SOMETHING very exciting is about to happen in Milton Keynes, of all places. Starting in 18 months’ time, the Buckinghamshire town will host the first proper UK test of driverless cars. The trial will be modest by the standards of those happening elsewhere in the world – the hundred self-driving pods will use special lanes to ferry passengers and will be limited to just 12mph.
But it is clear that proper driverless cars – a fusion of the latest automotive research, robotics, computing and learning algorithms, the internet, lasers and GPS navigation – will be the next big, disruptive technology. They will change everything. The impact on the way we live and work may be even greater than anything we have seen so far from the digital revolution.
Driverless cars will reduce accidents by 90 per cent by eliminating human error. They will free up commute time for work, rest, sleep or entertainment, unleashing a huge increase in productivity and revolutionising the economics of commuting and thus of cities. On motorways, they will be able to “platoon” – with vehicles turning into quasi-trains – and drive safely at very fast speeds. Many workers will be able to live much further out and even commute for hours. Driverless cars will be able to drop passengers off and then wait for them at a convenient location, returning to pick them up; it may even be that they will be rented, rather than owned, which could do away with the need for homeowners to worry about parking spaces.
Driverless cars are the real reason why the government’s high speed rail plan is such a waste of time. It is an antiquated technology which nobody will want to use by the time it is finished. The authorities should invest all of their energies in working out how the UK can adopt driverless cars as fast as possible – and ditch HS2 at the earliest possible opportunity.
LET’S EMBRACE ISLAMIC FINANCE
BACK in 1733, Voltaire, a wonderful French thinker, penned a series of letters about England, describing the remarkable going-ons he discovered during his exile to this country. The findings shocked many of his French readers, then as today a statist and anti-capitalist nation. “Go into the London Stock Exchange – a more respectable place than many a court – and you will see representatives from all nations gathered together for the utility of men”, Voltaire wrote. “Here Jew, Mohammedan and Christian deal with each other as though they were all of the same faith, and only apply the word infidel to people who go bankrupt. Here the Presbyterian trusts the Anabaptist and the Anglican accepts a promise from the Quaker. On leaving…some go to the Synagogue and others for a drink, this one goes to be baptised in a great bath in the name of Father, Son and Holy Ghost …and everybody is happy.”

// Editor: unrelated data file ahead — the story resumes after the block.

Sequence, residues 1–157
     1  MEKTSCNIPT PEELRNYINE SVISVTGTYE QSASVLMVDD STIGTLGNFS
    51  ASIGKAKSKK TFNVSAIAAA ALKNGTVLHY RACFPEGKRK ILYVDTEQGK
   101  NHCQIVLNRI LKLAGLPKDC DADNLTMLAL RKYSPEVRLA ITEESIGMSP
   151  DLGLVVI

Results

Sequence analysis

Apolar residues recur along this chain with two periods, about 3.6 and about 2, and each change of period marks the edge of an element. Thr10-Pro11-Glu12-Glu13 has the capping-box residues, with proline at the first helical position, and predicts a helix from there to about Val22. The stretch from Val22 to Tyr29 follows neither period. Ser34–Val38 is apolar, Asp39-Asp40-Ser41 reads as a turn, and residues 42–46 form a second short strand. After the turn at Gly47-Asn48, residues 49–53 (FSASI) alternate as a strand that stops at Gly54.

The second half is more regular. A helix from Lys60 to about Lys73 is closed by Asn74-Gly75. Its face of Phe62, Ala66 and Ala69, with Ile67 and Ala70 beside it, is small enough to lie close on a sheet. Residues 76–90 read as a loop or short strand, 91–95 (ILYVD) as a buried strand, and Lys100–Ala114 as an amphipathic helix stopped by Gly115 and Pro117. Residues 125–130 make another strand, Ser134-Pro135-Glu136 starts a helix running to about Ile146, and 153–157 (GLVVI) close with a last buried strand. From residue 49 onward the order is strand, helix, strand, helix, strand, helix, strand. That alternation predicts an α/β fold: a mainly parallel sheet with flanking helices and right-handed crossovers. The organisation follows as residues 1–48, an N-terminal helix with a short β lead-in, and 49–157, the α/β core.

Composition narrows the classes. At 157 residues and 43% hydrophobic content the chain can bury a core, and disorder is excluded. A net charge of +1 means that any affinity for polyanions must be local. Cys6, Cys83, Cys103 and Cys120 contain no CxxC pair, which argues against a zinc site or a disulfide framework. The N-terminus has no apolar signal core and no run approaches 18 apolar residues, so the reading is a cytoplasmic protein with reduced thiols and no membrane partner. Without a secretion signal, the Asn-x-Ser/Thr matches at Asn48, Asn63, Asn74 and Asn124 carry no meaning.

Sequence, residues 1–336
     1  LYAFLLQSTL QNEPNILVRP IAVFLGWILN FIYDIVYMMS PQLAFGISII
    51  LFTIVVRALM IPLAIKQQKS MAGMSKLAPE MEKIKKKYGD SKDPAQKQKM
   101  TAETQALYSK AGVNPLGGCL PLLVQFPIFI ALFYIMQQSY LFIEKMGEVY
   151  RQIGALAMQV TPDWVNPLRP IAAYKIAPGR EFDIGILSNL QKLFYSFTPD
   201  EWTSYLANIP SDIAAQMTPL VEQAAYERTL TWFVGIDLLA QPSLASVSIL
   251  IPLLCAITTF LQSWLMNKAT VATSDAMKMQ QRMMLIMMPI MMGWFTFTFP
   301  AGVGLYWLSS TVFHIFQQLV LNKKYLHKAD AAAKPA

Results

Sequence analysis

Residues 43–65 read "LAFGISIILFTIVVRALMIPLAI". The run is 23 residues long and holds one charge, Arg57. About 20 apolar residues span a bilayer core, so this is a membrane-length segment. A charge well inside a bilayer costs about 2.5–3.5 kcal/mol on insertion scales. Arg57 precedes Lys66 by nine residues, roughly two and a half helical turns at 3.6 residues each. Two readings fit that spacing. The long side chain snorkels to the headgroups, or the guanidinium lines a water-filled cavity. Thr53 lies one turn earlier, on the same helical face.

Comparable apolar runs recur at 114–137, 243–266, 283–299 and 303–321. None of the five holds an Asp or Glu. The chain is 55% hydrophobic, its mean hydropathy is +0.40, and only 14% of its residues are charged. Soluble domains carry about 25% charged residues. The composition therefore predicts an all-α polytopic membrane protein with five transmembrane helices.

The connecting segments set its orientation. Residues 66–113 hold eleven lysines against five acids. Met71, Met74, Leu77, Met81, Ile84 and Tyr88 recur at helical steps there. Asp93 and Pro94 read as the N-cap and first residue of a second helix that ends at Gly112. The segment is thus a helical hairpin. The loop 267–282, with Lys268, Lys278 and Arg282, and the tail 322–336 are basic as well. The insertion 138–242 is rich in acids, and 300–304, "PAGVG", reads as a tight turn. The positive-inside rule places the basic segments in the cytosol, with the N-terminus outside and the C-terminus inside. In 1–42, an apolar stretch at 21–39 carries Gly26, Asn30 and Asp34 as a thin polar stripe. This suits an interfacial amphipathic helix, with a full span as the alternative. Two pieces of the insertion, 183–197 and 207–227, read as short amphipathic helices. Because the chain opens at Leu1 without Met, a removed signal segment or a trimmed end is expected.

In that spirit, it makes a lot of sense for London’s financial services industry to seek to grab a bigger chunk of the Islamic finance market – and culturally, it is merely the latest embodiment of our internationalist reality so beautifully identified by Voltaire. The Treasury’s first sukuk bond, when it comes, will be a milestone and will help attract business to the City.
One of this country’s greatest attributes is its openness to foreign capital. Britain is already benefiting hugely from Islamic investments, with projects such as the Shard, the Excel Centre (where the World Islamic Economic Forum is being held, see our daily special on pages 20-21), the former athletes’ village in Stratford, Boris Johnson’s Emirates Air Line cable car, the Malaysian investment in the regeneration of the Battersea Power Station and most importantly of all Dubai’s £1.5bn construction of the DP World London Gateway super-port. London is ideally placed to cash in on the growth of Islamic finance; and trade and investment are always the best way to cement peace and friendship.
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